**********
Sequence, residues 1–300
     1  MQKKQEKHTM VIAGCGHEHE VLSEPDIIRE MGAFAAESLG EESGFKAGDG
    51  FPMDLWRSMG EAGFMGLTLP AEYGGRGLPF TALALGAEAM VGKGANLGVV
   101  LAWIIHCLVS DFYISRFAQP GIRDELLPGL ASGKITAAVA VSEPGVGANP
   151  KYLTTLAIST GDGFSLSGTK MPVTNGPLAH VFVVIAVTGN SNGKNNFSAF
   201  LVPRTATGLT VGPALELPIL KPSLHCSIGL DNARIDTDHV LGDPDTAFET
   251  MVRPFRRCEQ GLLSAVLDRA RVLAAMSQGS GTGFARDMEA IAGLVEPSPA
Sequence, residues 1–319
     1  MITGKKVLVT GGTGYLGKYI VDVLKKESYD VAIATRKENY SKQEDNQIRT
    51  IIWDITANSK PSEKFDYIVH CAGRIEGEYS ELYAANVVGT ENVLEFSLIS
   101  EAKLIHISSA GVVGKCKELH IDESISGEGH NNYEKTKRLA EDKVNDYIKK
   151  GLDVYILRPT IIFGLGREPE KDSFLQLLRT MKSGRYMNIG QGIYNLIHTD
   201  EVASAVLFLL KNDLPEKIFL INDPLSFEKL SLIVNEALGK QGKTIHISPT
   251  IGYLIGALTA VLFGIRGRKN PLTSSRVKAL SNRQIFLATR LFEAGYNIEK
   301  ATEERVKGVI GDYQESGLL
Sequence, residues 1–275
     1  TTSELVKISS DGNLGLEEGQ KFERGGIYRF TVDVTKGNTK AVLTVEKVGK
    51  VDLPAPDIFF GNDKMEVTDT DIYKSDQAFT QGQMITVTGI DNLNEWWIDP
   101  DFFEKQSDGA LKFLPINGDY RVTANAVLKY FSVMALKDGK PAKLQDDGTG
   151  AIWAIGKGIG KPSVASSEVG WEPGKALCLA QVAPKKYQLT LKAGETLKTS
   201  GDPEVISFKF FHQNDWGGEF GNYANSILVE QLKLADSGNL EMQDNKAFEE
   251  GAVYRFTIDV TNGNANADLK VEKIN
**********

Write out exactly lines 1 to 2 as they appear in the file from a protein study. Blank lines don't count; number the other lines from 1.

Sequence, residues 1–300
     1  MQKKQEKHTM VIAGCGHEHE VLSEPDIIRE MGAFAAESLG EESGFKAGDG